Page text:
Over 70 UK business leaders have signed a letter to Theresa May calling for a public vote on the Brexit deal.

Among those signing the letter was former Sainsbury’s boss Justin King, Waterstones chief executive James Daunt and Innocent Drinks co-founder Richard Reed.

The letter to the prime minister says that current Brexit plans or a no-deal Brexit would leave the UK worse off. 

“The business community was promised that, if the country voted to leave, there would continue to be frictionless trade with the EU and the certainty about future relations that we need to invest for the long term,” read the letter.

“Despite the Prime Minister’s best efforts, the proposals being discussed by the government and the European Commission fall far short of this.”

“The uncertainty over the past two years has already led to a slump in investment.”

“We are now facing either a blindfold or a destructive hard Brexit. Given that neither was on the ballot in 2016, we believe the ultimate choice should be handed back to the public with a People’s Vote,” the letter concludes.

The letter is similar to another, which was signed by over 1,500 UK lawyers who are urging Theresa May to support a second referendum vote.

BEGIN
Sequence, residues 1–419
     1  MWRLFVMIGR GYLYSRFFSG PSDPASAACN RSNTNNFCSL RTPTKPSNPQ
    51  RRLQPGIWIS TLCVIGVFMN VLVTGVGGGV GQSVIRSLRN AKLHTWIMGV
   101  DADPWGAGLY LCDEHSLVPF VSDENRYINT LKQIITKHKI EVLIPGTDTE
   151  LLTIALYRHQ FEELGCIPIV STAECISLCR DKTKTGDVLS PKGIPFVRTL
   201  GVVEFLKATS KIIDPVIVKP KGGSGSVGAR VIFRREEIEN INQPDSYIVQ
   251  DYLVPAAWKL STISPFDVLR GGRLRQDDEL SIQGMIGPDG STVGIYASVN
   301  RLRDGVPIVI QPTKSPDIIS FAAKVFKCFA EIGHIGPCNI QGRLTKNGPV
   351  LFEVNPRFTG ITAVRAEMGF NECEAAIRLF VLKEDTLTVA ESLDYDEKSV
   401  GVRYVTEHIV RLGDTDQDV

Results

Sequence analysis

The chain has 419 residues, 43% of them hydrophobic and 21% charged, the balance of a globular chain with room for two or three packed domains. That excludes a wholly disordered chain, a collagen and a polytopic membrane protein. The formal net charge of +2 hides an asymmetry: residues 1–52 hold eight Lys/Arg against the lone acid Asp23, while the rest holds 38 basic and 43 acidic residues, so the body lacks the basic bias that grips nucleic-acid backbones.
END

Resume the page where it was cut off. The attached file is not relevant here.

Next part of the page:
In the letter to the prime minister, the lawyers said that “democratic government is not frozen in time” and parliament should not be bound by the 2016 EU referendum.

May has said pushing for a second vote would be a betrayal of the public’s trust.

A Downing Street source said: “The Prime Minister has been clear – no second referendum. We had a people’s vote, it was in June 2016.”

A spokesman for the Department for Exiting the European Union said: “The people of the United Kingdom have already had their say in one of the biggest democratic exercises this country has ever seen and the Prime Minister has made it clear that there is not going to be a second referendum.”

“We remain confident we will agree a mutually advantageous deal with the EU, that works for business and the economy,” the spokesperson added.